Sheila Abdus-Salaam, the first black woman appointed to the New York State Court of Appeals and the United States’ first female Muslim judge, has died. Her body was discovered in the Hudson River.
A New York Police Department spokesman told us that police responded to an emergency call the afternoon of 12 April 2017, and upon arrival police found an unidentified female “unresponsive and unconscious” in the water. According to the New York Post, her husband had reported her missing earlier in the day:
Her husband later identified her body. Sources said it showed no obvious signs of trauma or injuries indicating criminality or foul play, and that her death appeared to be a suicide.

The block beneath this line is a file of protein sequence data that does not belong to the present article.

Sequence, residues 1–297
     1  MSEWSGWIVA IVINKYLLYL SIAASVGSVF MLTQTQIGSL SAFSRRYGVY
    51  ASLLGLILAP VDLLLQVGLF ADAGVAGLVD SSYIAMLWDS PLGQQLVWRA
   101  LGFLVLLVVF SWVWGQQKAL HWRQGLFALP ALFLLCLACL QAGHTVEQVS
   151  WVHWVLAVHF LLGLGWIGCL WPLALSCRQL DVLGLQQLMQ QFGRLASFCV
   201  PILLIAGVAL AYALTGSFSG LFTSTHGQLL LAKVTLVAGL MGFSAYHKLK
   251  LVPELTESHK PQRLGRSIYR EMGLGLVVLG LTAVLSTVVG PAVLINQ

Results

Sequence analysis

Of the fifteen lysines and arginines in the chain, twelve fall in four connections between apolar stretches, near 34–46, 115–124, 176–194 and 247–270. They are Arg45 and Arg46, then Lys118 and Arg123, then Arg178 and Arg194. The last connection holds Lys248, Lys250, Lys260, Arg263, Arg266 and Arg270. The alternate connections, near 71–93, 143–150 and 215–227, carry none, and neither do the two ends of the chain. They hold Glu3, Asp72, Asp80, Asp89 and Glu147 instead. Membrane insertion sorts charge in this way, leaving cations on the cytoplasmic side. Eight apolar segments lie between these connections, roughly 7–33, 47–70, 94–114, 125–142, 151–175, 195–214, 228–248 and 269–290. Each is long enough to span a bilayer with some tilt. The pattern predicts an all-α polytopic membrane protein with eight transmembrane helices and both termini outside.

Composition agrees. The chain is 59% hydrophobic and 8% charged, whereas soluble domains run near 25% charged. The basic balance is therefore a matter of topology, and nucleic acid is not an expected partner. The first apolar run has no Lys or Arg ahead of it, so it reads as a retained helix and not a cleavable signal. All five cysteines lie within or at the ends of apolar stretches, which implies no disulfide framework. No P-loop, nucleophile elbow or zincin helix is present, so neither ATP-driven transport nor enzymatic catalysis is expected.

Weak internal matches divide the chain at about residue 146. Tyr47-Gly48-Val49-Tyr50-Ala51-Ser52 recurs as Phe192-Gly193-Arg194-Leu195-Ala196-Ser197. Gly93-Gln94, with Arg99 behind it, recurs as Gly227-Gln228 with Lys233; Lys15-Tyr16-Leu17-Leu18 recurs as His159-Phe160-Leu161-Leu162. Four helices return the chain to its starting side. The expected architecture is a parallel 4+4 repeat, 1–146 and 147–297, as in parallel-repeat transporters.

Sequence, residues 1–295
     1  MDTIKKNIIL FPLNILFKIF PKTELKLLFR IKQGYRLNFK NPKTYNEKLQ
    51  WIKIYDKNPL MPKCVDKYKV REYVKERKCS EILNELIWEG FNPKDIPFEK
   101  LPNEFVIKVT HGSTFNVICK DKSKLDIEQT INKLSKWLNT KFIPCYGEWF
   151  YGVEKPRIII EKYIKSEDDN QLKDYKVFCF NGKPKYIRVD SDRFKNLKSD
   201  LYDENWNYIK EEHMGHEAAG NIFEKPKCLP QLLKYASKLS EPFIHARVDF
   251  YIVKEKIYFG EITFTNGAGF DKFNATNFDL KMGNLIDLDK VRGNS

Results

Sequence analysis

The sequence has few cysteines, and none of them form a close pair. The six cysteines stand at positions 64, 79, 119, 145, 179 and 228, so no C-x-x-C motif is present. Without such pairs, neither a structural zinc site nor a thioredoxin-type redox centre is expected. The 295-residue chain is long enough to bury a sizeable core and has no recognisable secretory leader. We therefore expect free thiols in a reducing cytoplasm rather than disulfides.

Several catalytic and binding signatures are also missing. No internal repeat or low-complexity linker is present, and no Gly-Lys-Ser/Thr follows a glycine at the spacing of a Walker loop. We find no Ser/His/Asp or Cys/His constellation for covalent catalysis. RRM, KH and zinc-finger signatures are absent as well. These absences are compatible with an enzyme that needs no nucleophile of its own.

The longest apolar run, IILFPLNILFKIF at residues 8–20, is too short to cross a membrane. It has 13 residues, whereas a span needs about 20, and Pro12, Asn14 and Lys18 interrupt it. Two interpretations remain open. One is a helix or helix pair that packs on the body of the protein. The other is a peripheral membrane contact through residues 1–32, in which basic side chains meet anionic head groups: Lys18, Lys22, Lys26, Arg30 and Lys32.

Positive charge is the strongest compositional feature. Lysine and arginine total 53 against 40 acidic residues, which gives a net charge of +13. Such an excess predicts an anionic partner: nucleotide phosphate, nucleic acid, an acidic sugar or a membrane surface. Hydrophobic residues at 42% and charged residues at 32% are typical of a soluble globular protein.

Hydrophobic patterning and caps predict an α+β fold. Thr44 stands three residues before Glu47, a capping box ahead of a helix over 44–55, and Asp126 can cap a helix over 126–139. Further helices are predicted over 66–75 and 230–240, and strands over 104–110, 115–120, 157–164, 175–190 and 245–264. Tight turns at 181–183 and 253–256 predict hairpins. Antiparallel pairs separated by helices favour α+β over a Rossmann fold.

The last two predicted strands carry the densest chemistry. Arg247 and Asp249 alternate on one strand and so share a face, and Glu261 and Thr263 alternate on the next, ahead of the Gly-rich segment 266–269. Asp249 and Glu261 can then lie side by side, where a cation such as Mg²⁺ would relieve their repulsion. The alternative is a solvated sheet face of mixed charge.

According to reports, Abdus-Salaam earned a considerable amount of respect from her colleagues:
Veteran New York trial lawyer Robert Kelner, who first met Abdus-Salaam 20 years ago at a Columbia Law School event, called the judge “a brilliant person.”
“This was a person who really made an enormous effort to be a very down the middle jurist who would judge issues as it came to her,” Kelner said. “I don’t think she had a leaning toward one side or the other.”
Kelner said the judge’s personality at Columbia functions was “both serious and warm.” He added: “I don’t know anyone who would not have liked her.”
Abdus-Salaam, 65, was elected to the state’s Supreme Court in 1993; she served there until 2009. She was appointed by New York Governor Andrew Cuomo in 2013, who released a statement about her death on social media:
Justice Sheila Abdus-Salaam was a trailblazing jurist and a force for good.
On behalf of all New Yorkers, I extend my deepest sympathies. https://t.co/hnic07Shp1
— Andrew Cuomo (@NYGovCuomo) April 12, 2017
Police have not released a cause of death. The investigation is continuing.